You know what the big problem is in telling fantasy and reality apart? They're both ridiculous.
Back in the very first issue of Neil Gaiman's groundbreaking Sandman comic book series, the story ends with a character being punished with the Curse of Eternal Waking. You might think, from the name, that he is cursed to never sleep again. That isn't the case, though. Rather, he is cursed with endlessly finding himself trapped in a nightmare and waking in terror, only to find that he is still dreaming and trapped in another nightmare, on and on for all eternity. I bought that issue back in January of 1989 when it first came out, and that ending has haunted me forever.
Apparently the same idea haunts Steven Moffat as well, and he thought it would make the perfect theme for a Christmas special. Huh? Let's talk about that.
(TARDIS Data Core recap)
What to you get when you take Alien, The Thing, and Miracle on 34th Street, toss them in a blender, and add a Scotsman with Attack Eyebrows? You get this story. Clara Oswald meets Santa and two elves on the roof patio of her home, is rescued by the Doctor, and the two of them travel to the North Pole only to find a scientific station beset by a nest of Dream Crabs. During a crab assault, Santa and the Elves show up again to save the day, because of course they do.
This story is, to put it lightly, a wee bit surreal. If it all seems to be operating under a dream logic, that's because... it is. The Dream Crabs attach themselves to the face of their prey (and yes, the similarity to Alien face huggers is directly acknowledged), and lull their victim into a dream state while the crab slowly bores in through the skull and devours the gray matter. The victims are all scooped up into a kind of shared gestalt dream, with their brains scrambling to make sense of everything and to smooth over the gaps in logic.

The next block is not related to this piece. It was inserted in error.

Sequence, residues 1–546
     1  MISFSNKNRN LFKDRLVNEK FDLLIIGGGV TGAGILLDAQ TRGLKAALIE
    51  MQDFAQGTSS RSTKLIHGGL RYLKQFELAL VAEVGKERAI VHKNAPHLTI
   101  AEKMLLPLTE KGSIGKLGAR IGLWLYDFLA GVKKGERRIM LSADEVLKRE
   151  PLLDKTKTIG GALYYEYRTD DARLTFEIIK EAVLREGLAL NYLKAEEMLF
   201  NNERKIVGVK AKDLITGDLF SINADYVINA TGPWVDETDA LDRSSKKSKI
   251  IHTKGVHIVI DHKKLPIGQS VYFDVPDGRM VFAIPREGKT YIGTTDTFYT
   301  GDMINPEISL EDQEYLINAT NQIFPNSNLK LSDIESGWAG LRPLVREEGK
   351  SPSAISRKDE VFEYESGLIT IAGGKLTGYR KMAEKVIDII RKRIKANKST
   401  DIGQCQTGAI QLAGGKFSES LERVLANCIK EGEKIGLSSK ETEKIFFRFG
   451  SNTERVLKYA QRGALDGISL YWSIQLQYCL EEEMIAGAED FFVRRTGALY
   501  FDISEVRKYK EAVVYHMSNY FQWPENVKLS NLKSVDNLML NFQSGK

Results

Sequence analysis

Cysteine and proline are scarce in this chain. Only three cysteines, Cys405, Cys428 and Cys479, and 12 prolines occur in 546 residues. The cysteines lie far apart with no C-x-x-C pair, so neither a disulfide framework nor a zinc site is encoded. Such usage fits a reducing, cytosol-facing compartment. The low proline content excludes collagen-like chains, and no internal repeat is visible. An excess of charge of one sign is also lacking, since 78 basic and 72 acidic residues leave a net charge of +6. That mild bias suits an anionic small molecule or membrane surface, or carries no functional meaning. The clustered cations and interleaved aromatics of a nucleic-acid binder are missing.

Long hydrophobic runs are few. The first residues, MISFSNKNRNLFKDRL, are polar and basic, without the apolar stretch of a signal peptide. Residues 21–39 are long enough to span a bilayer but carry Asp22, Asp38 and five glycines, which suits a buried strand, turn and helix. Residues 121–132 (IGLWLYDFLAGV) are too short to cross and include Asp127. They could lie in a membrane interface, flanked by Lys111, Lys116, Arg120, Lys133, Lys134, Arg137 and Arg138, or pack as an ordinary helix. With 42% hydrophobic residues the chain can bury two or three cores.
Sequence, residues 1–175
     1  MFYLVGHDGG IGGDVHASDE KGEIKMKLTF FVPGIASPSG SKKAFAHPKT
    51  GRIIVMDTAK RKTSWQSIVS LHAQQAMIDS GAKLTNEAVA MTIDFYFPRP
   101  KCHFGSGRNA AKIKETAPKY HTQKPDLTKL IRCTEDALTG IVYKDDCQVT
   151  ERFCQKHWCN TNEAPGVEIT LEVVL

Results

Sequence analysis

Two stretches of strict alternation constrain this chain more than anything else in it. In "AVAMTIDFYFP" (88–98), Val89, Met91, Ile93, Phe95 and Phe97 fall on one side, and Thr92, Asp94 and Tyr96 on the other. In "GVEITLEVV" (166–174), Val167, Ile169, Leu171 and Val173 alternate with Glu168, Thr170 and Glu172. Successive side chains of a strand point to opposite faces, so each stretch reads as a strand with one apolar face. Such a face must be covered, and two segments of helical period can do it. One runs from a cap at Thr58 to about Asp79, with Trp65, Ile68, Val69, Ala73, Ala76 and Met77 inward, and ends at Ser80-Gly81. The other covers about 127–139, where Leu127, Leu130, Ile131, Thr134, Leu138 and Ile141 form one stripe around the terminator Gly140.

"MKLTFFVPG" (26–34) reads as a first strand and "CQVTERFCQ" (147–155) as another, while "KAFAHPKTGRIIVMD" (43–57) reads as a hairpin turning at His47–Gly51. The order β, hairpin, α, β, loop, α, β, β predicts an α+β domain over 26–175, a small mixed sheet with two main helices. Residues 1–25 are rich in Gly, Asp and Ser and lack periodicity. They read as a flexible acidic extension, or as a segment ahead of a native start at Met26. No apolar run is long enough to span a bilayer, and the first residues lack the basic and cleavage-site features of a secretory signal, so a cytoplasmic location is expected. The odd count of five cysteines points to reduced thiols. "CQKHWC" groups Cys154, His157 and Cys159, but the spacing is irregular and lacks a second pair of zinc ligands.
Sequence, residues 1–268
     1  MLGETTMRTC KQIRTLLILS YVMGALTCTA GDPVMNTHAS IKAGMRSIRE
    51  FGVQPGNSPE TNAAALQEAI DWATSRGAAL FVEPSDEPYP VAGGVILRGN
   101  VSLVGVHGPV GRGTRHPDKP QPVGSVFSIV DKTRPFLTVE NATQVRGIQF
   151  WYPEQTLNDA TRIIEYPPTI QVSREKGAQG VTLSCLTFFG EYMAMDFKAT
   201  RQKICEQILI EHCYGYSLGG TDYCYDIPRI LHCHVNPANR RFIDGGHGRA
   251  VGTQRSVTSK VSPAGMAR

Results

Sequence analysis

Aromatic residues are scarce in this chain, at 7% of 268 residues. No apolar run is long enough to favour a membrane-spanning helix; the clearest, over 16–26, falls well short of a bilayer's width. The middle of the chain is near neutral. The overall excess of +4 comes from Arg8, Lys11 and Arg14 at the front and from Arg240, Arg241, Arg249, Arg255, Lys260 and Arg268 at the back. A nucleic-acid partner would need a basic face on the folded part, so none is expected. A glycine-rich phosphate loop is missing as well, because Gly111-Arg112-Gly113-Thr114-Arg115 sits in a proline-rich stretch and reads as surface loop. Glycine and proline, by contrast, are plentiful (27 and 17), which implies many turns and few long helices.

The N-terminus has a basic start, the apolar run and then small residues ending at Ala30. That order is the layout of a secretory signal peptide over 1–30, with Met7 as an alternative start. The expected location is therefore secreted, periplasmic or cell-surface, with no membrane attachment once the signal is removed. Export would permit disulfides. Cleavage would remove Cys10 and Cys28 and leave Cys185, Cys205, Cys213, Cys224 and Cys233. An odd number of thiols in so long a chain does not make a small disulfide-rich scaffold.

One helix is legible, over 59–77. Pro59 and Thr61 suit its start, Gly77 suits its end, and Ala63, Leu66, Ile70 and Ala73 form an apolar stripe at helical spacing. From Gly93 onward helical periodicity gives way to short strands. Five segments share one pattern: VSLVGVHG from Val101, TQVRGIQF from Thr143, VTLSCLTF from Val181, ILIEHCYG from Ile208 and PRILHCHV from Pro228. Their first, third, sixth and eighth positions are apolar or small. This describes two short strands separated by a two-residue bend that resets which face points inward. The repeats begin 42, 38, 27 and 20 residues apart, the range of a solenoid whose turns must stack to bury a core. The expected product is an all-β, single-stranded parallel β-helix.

As with the Sandman story, a great deal is made of the fact that literally none of the characters can tell what is real or whether they are dreaming or awake.It's creepy as hell, and surprisingly dark for a Christmas episode. I mean, sure, Nick Frost has a lot of fun playing Santa and it's nice to see Dan Starkey (better known as the Sontaran Strax from the Paternoster gang) get to play an elf. So the story is not without humor. But then it comes right back around to the whole "slowly turning your brain to soup and sucking it out of your skull with a straw-like proboscis" thing.
In the end, each of the base scientists turn out to be just four random people whom the Dream Crabs attacked. Most likely they attacked the Doctor first, then followed his thoughts to Clara, and the other four were just random collateral. Ultimately the Doctor is able to rescue almost everyone, with only one fatality. Also ultimately, the Doctor invites Clara back on board the TARDIS, partly because he misses her but mostly because Jenna Coleman changed her mind and signed on to do another season.
This means that we get a third season with a third version of Clara that behaves completely differently from either her first or second season personas, because as I may have mentioned Steven Moffat has never regarded Clara as being an actual character but rather a plot device. On the upside, third season Clara actually gets decent scripts which is a pleasant change.
But I'll get there tomorrow. Twenty seven days to the finish line, people. Twenty seven days.
Companion(s): Clara Oswald, Danny Pink
Episode(s): Last Christmas
Steps Walked: 8,795 today, 3,427,912 total
Distance Walked: 4.71 miles today, 1,791.64 miles total
Push-ups Completed: 0 today, 6,579 total
Sit-ups Completed: 0 today, 929 total
Weight: 246.62 lbs (five day moving average), net change -60.68 lbs